How to Boost Employee Engagement: Part 2

Unless you’ve been living under a cultural rock, you’ve seen the popular 1999 film Office Space. And if you’re like millions of Americans, you know all too well what the film’s characters mean when they refer to “a case of The Mondays”: low-grade dread, sluggishness, a lack of motivation, and an overall sense of disengagement when it comes to your job. These feelings inspire workers to do only the bare minimum necessary to avoid being fired, and they can easily bleed beyond the first day of the workweek.

As a leader, you don’t need to be told just what a negative effect this “ailment” can have on your company’s culture, bottom line, and employee turnover. What you do need are real-world tactics to help banish The Mondays from your organization.

In my last blog post, I shared my belief that the “cure” for The Mondays is actually pretty simple: To create more workplace happiness, motivation, and productivity, you need to show your people more gratitude, individual recognition, and (yes!) love. Believe it or not, these things make employees happier in their day-to-day work lives than huge salaries and corner offices!

I’ve already shared three tactics to help you cultivate happy, engaged employees:

  • Catch people doing things right.
  • Praise employees publicly as often as possible.
  • Handle mistakes with care.

Here are five more tactics to add to that list:

Don’t be the sole decision maker. Maybe you’ve never put much emphasis on the thoughts and opinions of your employees. After all, you pay them a fair wage to come to work each day and perform specific tasks. As a leader, it’s your job to decide what those tasks should be and how they should be carried out, right? Well, yes—strictly speaking. However, this unilateral approach to leading your team sends the impression that you’re superior (even if that’s not your intent) and also contributes to disengagement.

You see, employees who are told what to do feel like numbers or cogs in a machine. To unlock buy-in and achievement, make your employees feel like valued partners by seeking out their opinions, ideas, and preferences. They’ll be much more invested in your organization’s success because they had an active part in creating it. And here’s some good news that may surprise you: Your employees probably won’t care as much as you think they will if their suggestion doesn’t become reality. Mostly, they just want to know that their voice was heard by the people in charge.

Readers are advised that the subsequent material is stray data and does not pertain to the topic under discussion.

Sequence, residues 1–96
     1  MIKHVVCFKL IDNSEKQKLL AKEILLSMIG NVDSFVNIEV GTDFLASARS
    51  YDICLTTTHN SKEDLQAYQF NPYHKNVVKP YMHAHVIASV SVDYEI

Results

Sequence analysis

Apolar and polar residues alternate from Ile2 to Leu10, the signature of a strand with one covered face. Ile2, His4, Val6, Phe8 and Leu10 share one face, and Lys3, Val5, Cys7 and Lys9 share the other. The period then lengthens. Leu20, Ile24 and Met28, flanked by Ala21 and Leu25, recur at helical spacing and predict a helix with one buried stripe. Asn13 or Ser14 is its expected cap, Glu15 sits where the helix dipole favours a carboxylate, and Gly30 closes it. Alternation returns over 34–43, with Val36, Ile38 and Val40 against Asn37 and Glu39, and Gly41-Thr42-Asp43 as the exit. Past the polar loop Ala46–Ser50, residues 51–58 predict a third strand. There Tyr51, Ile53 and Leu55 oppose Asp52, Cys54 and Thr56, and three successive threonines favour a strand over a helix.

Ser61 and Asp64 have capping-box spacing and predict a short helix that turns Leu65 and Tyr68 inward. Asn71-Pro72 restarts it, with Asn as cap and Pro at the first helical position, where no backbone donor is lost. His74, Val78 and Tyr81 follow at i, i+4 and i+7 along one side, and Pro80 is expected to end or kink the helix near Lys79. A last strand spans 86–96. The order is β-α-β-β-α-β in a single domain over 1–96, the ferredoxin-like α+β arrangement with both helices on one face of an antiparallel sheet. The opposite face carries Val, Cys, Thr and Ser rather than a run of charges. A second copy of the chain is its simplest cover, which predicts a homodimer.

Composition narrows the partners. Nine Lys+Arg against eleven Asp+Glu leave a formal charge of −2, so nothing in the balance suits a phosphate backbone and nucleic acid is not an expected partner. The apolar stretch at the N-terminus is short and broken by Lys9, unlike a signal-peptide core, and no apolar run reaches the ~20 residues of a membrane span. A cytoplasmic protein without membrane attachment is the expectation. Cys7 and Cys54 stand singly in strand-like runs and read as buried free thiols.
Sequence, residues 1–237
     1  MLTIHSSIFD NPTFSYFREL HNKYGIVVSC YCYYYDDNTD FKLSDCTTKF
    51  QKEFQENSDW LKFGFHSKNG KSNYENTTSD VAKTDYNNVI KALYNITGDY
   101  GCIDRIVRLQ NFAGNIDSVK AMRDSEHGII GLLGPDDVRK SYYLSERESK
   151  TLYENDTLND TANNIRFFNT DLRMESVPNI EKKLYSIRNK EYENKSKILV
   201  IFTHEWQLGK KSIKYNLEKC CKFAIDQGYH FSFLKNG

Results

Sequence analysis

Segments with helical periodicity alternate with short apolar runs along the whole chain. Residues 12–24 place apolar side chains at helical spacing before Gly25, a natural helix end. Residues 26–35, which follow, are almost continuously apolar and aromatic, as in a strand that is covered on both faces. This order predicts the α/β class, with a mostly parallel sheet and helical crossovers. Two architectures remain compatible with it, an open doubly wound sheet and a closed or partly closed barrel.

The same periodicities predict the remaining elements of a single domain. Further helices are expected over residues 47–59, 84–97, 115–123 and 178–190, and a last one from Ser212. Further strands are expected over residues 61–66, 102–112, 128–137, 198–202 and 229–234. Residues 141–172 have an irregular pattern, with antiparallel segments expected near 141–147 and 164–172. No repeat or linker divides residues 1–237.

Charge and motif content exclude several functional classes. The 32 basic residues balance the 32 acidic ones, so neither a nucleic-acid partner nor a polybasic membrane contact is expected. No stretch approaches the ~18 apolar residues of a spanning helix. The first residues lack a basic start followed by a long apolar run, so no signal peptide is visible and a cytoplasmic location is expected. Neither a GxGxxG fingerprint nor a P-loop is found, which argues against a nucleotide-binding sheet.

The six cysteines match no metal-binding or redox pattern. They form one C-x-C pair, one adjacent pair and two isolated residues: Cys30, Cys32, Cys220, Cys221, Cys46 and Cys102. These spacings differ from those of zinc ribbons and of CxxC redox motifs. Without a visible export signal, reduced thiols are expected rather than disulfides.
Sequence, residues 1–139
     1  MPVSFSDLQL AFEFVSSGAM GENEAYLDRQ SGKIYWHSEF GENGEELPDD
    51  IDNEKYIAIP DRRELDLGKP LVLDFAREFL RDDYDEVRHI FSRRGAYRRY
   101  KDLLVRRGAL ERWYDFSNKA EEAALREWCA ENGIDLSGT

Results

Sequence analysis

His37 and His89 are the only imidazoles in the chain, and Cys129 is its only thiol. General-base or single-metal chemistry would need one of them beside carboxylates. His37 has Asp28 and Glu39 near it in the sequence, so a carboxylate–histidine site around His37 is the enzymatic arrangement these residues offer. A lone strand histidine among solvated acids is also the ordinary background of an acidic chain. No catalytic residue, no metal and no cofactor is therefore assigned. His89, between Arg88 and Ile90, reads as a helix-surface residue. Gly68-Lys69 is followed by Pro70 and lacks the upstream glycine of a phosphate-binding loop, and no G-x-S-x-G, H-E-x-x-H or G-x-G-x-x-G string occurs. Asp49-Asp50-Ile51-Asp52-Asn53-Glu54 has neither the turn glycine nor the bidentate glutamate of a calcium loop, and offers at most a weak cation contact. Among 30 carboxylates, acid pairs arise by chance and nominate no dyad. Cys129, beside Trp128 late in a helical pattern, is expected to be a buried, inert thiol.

Help your employees grow. As a leader, there’s a lot you have to deal with on a daily basis: Meeting quotas. Making sure procedures are followed. Keeping up with advances in your field. Learning and disseminating company policy. The list goes on. But no matter how full of “stuff” your plate is, don’t forget that a crucial part of leadership is developing your people.

Ultimately, the success or failure of your business depends on the people who show up each day to do the work, so place a strong emphasis on developing them. Give each member of your team progressively more autonomy, authority, and responsibility when they show they can handle it. When they feel challenged and know that their talents are being utilized, your employees will be more engaged. And whatever you do, avoid micromanaging, which can give employees the impression that you don’t have faith in them. If you have to, lock yourself in your office or go for a walk to keep yourself from hovering!

Remember that business is personal. Your employees will be more loyal and more motivated if they feel valued as individuals, not just as job descriptions. So get to know each team member on an individual basis and incorporate that knowledge into your regular interactions. For instance, if you know that John in Accounting has a daughter who’s applying to college, ask him which schools she’s considering. Or if Susanna in HR just came back from vacation, ask to see a few pictures.